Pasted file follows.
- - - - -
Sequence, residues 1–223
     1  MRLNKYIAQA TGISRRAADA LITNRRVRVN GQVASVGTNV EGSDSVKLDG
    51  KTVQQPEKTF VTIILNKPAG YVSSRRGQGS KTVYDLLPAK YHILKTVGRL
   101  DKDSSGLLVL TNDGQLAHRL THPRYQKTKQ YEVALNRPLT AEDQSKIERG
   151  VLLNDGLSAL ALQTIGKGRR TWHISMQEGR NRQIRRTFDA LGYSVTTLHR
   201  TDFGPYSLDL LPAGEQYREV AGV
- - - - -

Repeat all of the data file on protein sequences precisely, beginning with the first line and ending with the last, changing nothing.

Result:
Sequence, residues 1–223
     1  MRLNKYIAQA TGISRRAADA LITNRRVRVN GQVASVGTNV EGSDSVKLDG
    51  KTVQQPEKTF VTIILNKPAG YVSSRRGQGS KTVYDLLPAK YHILKTVGRL
   101  DKDSSGLLVL TNDGQLAHRL THPRYQKTKQ YEVALNRPLT AEDQSKIERG
   151  VLLNDGLSAL ALQTIGKGRR TWHISMQEGR NRQIRRTFDA LGYSVTTLHR
   201  TDFGPYSLDL LPAGEQYREV AGV